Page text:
For ages I used a random pet macro in WoW, something like

/run CallCompanion("CRITTER", random(GetNumCompanions("CRITTER")));

I noticed that it stopped working in the latest release. After a bit of digging, I found this replacement:

/run local t,o=C_PetJournal.GetNumPets(false);local p=C_PetJournal.GetPetInfoByIndex(random(o),false);C_PetJournal.SummonPetByID(p);

Kudos go to GnowKnayme of US MAlganis for it.

For completeness, here's a random mount macro, as well:

/run if not IsMounted() then local m,t,f="mount",{{},{}} for i=1,GetNumCompanions(m) do tinsert(t[,select(6,GetCompanionInfo(m,i)))==0 and 1 or 2],i) end f=IsFlyableArea() and 2 or 1 CallCompanion(m,t[f][random(#t[f])]) else Dismount() end;

Kudos for this one go to Bõb of US Aerie Peak.

Thursday, 20 September 2012

Black Lion Trading Company

ERROR: Invalid Authorization

That's the message that usually greets me when I open the trading tab. I found that exiting the game and re-entering can sometimes help.

Wednesday, 19 September 2012

GW2 economy. Working as intended

I recently learnt that here in Ireland, 90% of chicken is imported. I knew we had a lot of imported chicken, for instance in imported finished goods such as pizzas, pies, soup, and so on. But 90%? The main costs in producing and selling chicken are 1. the cost of feed and 2. the cost of transport. Labour costs are minimal. So how could it be profitable to raise chickens elsewhere and then pay the extra transport cost to bring them to Ireland?

Talking about it in the canteen where I work, I learned why. The imported chicken is mainly the breast of the chicken. This is the part of the chicken most eaten here: fillets  for frying, or pre-cooked and sliced or crumbled, to be used cold in sandwiches or salads. Breast is best here in Ireland. All the same, we don't eat a lot of chicken.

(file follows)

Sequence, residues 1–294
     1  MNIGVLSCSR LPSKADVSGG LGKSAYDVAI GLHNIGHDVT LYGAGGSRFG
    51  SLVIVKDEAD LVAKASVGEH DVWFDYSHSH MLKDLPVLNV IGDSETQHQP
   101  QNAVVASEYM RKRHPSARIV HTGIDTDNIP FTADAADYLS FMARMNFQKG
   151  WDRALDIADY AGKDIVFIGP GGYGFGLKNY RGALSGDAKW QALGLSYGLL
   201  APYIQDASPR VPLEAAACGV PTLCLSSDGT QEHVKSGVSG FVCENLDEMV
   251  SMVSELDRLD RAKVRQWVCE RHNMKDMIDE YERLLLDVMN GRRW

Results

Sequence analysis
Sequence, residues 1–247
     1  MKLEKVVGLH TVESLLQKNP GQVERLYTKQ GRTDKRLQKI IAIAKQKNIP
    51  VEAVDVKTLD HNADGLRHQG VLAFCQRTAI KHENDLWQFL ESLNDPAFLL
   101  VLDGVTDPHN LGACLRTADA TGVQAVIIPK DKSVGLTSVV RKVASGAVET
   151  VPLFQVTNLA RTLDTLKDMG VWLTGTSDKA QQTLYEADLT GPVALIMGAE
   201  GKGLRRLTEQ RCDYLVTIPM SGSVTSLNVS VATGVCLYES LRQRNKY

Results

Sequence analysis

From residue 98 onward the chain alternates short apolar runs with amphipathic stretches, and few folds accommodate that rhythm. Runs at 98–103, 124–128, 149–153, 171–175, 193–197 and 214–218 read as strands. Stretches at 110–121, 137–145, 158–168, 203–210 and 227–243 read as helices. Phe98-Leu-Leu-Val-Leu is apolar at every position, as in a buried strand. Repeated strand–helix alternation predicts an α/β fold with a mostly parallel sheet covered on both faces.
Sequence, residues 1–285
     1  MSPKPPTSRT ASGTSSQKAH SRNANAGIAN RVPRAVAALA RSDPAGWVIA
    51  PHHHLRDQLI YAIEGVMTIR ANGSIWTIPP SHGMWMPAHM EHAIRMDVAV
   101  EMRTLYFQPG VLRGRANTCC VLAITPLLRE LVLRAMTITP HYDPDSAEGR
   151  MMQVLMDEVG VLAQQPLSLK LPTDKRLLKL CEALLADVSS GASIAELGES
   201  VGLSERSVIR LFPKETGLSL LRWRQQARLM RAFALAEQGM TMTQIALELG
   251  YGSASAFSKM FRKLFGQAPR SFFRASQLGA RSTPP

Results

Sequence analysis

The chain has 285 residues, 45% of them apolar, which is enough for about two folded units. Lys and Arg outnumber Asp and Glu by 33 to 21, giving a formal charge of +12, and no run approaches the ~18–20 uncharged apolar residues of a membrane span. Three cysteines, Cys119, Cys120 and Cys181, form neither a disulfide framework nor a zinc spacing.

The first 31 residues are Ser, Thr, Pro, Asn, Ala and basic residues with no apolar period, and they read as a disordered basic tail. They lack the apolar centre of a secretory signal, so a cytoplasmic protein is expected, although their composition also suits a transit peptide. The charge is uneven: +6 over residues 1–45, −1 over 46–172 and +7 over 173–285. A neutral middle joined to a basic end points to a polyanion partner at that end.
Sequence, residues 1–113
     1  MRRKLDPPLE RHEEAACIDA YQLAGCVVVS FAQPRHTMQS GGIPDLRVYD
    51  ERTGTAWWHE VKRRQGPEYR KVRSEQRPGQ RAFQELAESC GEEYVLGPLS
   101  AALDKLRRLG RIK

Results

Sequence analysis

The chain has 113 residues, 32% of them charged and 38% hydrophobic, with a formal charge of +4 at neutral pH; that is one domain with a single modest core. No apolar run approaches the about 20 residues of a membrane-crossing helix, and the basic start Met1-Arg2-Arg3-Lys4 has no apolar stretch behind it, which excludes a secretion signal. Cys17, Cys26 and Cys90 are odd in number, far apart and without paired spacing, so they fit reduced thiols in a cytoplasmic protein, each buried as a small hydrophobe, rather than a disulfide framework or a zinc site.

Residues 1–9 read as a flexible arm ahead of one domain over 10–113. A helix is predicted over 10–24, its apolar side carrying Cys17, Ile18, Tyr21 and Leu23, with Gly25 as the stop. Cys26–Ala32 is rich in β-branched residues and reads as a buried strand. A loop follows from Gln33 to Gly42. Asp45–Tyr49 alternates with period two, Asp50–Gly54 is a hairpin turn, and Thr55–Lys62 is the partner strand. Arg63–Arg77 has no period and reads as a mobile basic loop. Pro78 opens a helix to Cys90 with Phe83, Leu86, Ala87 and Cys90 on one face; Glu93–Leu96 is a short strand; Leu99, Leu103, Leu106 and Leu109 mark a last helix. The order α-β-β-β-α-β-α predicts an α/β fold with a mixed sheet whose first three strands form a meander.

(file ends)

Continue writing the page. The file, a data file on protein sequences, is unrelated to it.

In Thailand, chicken is big business. Thai people eat a lot of chicken of course, but Thailand exports chicken on a massive scale. Breast meat? Not top on the list of Thai favourites. Wings, legs, back are preferred. Same for a lot of Thailand's Asian customers.And they eat a lot of chicken. The brown meat for preference. White meat not so much. So that means there's a lot of chicken breast produced in Thailand that nobody wants. What can their producers do with it? Feed it to the cats, they think. No wait! Those folk in Ireland like breast, sell it to them. Any money we get from them is pure profit, because we were going to dump it, anyway.

So while it costs the Thai chicken producer the same as the Irish chicken producer to raise a chicken, the Thai producers already made their profit on the wings and legs and so on, and the breast is just waste, like the carcass. The cost of producing the chicken has already been accounted for in the price of the brown meat.